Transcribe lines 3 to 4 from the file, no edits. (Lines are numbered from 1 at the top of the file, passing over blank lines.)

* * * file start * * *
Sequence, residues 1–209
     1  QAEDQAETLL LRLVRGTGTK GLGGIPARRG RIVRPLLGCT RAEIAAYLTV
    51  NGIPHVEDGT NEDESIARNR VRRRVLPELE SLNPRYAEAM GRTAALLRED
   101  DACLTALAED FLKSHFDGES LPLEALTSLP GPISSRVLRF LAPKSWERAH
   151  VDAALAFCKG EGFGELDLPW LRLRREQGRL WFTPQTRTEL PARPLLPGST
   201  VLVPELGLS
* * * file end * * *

    51  NGIPHVEDGT NEDESIARNR VRRRVLPELE SLNPRYAEAM GRTAALLRED
   101  DACLTALAED FLKSHFDGES LPLEALTSLP GPISSRVLRF LAPKSWERAH